This site is not maintained. Click here for the new website of Richard Dawkins.

← A Hot Young Earth: My Answer to the Annual Edge Question

A Hot Young Earth: My Answer to the Annual Edge Question - Comments

Cook@Tahiti's Avatar Comment 1 by Cook@Tahiti

Comment Removed by Author

Sun, 15 Jan 2012 20:18:24 UTC | #908653

crusader234's Avatar Comment 2 by crusader234

Ive always thought Ice core samples would show the earth to be older than 10 000 years , also there should be a record of the flood in there somewhere.... and there isnt...

Sun, 15 Jan 2012 22:28:13 UTC | #908686

hellosnackbar's Avatar Comment 3 by hellosnackbar

I was sent to see the headmaster of the catholic school I went to when Noah's Ark was discussed in a religipn lesson. I asked where all the water of the 40days inundation came from and where it went to afterwards and how could anybody accept such tosh. The young earth creationists and silly Mohammedans get upset when one laughs at them.

Sun, 15 Jan 2012 22:39:23 UTC | #908689

rod-the-farmer's Avatar Comment 4 by rod-the-farmer

Sorry, I must be dim. I thought his explanation of why Lord Kelvin was wrong about heat transfer quite incomplete, and not at all convincing. Am I missing something ?

Mon, 16 Jan 2012 03:00:01 UTC | #908743

KRKBAB's Avatar Comment 5 by KRKBAB

Hi Rod- perhaps this (from C.Z.s response in Discovery magazine) might make it clearer:

[CZ: It may help for me to quote a lengthy passage from the American Scientist article I cited. The authors are writing here about a scientist named John Perry realized in the late 1800s why Kelvin might be wrong--even though plate tectonics had yet to be discovered:

Perry discovered the flaw in Kelvin's argument in 1894 but, reluctant to embarrass his patron, tried first to convince Kelvin face to face and by private correspondence. He was brushed off, either because Kelvin did not understand Perry's approach or because he was not interested. In 1895, therefore, Perry decided to go public, and he wrote to the journal Nature: "I have sometimes been asked by friends interested in geology to criticize Lord Kelvin's calculation of the probable age of the earth. I have usually said that it is hopeless to expect that Lord Kelvin should have made an error in calculation." Instead of focusing on Kelvin's math, Perry suggested that one should examine his assumptions. In Kelvin's model, the thermal gradient near the surface of the Earth (or, in the thought experiment given above, of the turkey) drops as the cooled outer skin thickens with age. If the Earth were much older than about 100 million years, this skin would be so thick that the thermal gradient would be much lower than is observed. Perry realized that there is a simple way to stop the skin from thickening: He proposed that heat might be transferred much more efficiently in the interior of the Earth than at the surface. If this were so, the deep interior could provide a large store of heat, which would keep the surface temperature gradient high for a long time, and Kelvin's estimate of the age of the Earth would be too low, potentially by a large multiple. Perry had various suggestions as to how this might happen, but, for our purposes, his most important argument was that convection in the fluid, or partly fluid, interior of the Earth could transfer heat much more effectively than does diffusion. He pointed out that if only a thin outer skin of the planet is solid and if the rest of the Earth is a convecting fluid, then the interior would be well mixed and at the same temperature throughout. Perry's model thus replaces the thought-experiment turkey with a turkey-sized bottle of, say, hot cider. Only the outer few millimeters of this object are solid (the glass of the bottle), and convection churns the interior. Thus the temperature gradient at the surface can stay high for a very long time. Perry's calculation shows that if the Earth has a conducting lid of 50 kilometers' thickness, with a perfectly convecting fluid underneath, then the measured thermal gradients near the surface are consistent with any age up to 2 billion or 3 billion years. Recognizing that heat transfer in the mantle cannot be perfectly efficient, Perry subsequently modeled the deep interior as a solid with high "quasi-diffusivity," His results agreed with the original simple calculation in suggesting that the Earth could be several billions of years old. Full calculations of convection in the mantle (which were impossible until the advent of computers) confirm that Perry's reasoning was sound. In other words, Perry was able to reconcile a physical calculation of Earth's thermal evolution with the great age that geologists required. Perry needed nothing more than to introduce the idea that heat moved in the deep interior of the Earth more readily than it moved in the outermost layers. Yet to this day, most geologists believe that Kelvin's (understandable) mistake was not to have known about Earth's internal radioactivity.]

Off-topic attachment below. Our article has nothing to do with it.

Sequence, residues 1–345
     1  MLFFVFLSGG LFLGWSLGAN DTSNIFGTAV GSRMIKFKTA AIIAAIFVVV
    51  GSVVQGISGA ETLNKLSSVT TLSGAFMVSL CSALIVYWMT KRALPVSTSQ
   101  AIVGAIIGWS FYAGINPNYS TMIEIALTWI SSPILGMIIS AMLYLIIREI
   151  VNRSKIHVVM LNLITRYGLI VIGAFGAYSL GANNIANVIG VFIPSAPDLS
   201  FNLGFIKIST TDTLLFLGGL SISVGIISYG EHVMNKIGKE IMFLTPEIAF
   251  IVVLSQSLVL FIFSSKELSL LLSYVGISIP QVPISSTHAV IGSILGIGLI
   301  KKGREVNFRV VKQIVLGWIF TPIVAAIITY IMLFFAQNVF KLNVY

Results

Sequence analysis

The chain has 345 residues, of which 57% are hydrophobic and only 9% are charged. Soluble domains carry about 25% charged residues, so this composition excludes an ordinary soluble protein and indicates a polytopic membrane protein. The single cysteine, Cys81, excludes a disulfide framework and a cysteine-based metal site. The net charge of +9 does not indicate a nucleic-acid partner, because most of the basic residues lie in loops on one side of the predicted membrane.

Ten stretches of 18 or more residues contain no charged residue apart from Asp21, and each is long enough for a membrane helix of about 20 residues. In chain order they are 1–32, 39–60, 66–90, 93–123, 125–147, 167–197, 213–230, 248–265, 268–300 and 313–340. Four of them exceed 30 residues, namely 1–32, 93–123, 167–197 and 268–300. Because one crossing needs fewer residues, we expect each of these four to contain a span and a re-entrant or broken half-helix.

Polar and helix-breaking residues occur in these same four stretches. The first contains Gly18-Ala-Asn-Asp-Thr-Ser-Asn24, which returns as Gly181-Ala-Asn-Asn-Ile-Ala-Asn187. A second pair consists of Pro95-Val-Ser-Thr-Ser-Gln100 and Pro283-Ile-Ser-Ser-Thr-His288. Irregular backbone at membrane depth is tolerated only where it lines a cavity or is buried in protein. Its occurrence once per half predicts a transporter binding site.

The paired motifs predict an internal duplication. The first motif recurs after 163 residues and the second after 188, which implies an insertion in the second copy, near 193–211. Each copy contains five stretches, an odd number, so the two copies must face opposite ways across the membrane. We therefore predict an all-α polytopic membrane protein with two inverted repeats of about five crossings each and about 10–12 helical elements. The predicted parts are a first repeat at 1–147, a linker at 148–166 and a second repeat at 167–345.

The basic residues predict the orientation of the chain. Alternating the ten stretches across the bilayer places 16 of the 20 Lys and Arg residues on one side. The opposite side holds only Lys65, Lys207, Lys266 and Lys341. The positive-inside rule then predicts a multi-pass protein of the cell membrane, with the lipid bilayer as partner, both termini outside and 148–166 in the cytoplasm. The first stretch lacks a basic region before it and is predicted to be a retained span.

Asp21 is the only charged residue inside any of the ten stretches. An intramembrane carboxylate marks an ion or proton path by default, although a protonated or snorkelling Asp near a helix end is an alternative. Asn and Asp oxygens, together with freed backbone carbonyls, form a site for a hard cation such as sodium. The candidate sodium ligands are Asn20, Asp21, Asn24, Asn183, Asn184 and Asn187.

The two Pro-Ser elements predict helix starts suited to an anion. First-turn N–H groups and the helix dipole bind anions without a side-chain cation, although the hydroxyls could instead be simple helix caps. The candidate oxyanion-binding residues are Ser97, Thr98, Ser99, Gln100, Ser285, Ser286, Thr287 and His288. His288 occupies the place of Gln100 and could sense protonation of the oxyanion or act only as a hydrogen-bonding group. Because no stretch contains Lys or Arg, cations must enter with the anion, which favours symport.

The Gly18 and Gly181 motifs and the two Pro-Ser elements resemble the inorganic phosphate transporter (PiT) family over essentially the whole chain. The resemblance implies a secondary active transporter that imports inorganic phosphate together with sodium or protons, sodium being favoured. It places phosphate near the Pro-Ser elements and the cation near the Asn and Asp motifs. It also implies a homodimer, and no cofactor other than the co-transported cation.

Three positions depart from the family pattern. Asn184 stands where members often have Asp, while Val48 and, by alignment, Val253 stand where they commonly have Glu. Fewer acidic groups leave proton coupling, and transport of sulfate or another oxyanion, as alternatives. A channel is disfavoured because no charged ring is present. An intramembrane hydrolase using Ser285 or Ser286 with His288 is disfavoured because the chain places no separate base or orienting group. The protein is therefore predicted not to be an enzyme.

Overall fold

Mon, 16 Jan 2012 14:49:58 UTC | #908837

Premiseless's Avatar Comment 6 by Premiseless

I see submarine volcanic activity can now be monitored, which seem to also be worrying the military!

Tue, 17 Jan 2012 13:35:55 UTC | #909146